Monday 18 December 2017

Twins have 5x higher chance of dying in first year than single babies

A twin is five times more likely to die before his or her first birthday than a 'singleton' baby, although the chance is still low: 98 of 100 survive. Photo: Thinkstock
A twin is five times more likely to die before his or her first birthday than a 'singleton' baby, although the chance is still low: 98 of 100 survive. Photo: Thinkstock

Stephen Adams

TWINS are five times more likely to die than single babies in their first year of life, according to latest figures from the Office for National Statistics in Britain.

The ONS data show the infant mortality rate for twins in England and Wales in 2009 was 20.1 per 1,000 live births, compared to 4.0 for ‘singletons’.



Triplets are more than eight times more likely to die than single babies in the first year, with a death rate of 34.9 per 1,000.



The increase in IVF treatment over past decades has led to a steep rise in the number of ‘multiple births’ in Britain, as elsewhere in the world.



Fertility doctors have historically transplanted more than one embryo into the womb, to maximise the chance of the woman successfully giving birth.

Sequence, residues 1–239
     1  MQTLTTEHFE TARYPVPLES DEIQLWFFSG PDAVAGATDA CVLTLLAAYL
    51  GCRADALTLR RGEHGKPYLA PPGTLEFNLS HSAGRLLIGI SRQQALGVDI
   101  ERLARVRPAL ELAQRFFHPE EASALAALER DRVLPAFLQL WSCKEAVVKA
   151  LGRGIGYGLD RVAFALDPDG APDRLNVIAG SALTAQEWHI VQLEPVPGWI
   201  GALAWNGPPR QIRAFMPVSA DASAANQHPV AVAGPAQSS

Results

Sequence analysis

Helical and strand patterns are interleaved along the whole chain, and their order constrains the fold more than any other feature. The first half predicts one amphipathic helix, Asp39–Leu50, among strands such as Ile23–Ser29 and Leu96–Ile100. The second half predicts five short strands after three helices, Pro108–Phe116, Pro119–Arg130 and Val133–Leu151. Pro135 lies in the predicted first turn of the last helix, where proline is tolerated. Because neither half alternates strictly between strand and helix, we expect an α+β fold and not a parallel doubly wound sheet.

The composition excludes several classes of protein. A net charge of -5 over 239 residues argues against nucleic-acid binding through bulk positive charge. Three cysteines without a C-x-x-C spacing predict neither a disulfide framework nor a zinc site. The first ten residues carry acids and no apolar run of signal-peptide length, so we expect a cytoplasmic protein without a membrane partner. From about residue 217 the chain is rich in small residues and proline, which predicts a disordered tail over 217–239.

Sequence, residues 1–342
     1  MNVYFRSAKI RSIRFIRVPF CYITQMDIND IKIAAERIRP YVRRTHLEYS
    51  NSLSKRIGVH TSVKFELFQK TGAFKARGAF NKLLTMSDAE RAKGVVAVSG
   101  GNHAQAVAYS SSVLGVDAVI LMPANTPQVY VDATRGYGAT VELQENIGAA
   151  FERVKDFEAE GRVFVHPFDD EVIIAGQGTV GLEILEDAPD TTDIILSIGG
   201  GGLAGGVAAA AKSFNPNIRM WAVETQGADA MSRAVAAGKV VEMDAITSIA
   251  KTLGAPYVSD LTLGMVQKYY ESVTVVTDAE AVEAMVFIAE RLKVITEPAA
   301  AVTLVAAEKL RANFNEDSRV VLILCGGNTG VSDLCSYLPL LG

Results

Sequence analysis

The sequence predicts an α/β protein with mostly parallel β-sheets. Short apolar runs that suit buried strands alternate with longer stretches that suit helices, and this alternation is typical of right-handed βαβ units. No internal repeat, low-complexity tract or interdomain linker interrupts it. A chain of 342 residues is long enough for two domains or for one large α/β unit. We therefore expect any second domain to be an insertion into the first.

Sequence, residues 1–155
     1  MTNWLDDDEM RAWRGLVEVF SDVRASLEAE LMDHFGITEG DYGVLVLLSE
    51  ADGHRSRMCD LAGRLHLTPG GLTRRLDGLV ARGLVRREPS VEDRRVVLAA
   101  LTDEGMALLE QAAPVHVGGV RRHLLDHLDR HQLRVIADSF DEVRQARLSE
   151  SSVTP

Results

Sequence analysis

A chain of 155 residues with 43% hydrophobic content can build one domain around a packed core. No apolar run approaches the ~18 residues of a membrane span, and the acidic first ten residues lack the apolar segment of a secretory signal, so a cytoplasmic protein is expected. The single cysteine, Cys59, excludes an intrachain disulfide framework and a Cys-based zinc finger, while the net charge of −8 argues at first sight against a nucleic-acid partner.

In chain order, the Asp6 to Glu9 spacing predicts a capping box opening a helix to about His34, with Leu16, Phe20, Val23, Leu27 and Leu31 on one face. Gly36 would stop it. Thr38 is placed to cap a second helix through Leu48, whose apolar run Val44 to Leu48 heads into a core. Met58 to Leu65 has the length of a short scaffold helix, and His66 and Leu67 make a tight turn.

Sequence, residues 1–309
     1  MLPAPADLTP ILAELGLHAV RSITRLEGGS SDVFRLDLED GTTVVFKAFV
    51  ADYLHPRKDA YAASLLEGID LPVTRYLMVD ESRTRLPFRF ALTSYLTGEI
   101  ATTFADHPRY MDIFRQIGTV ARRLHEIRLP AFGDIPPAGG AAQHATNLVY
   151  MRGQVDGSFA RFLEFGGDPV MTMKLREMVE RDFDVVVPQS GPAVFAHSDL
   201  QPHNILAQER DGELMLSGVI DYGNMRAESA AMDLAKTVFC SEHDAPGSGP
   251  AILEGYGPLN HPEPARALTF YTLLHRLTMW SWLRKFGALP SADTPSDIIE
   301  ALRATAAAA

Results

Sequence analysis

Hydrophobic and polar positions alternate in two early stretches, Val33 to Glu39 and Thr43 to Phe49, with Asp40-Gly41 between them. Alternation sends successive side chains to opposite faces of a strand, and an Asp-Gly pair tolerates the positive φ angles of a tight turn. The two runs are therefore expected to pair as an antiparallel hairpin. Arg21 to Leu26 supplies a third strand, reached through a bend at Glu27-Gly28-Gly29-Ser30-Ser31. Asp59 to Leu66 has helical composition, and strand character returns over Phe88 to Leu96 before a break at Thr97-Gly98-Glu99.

But numerous studies have shown that the chance of having a baby is almost as good, for most women undergoing IVF, if only one embryo is transferred into the womb at a time, as if two or more are put in.



Consequently, there is now a major drive to reduce the frequency of multiple births, because of the higher risks to both babies and mothers.



As well as an increased chance of death in the first year, twins and triplets carry a greater risk of being born prematurely, being of low birth weight, having cerebral palsy and developmental disorders.



The Human Fertilisation and Embryology Authority (HFEA) wants fertility clinics to reduce the proportion of multiple births. In 2009 it set the ceiling at 24 per cent and it has brought the target down year on year. This year the ceiling is 10 per cent, which many clinics believe is not achievable.



Telegraph.co.uk

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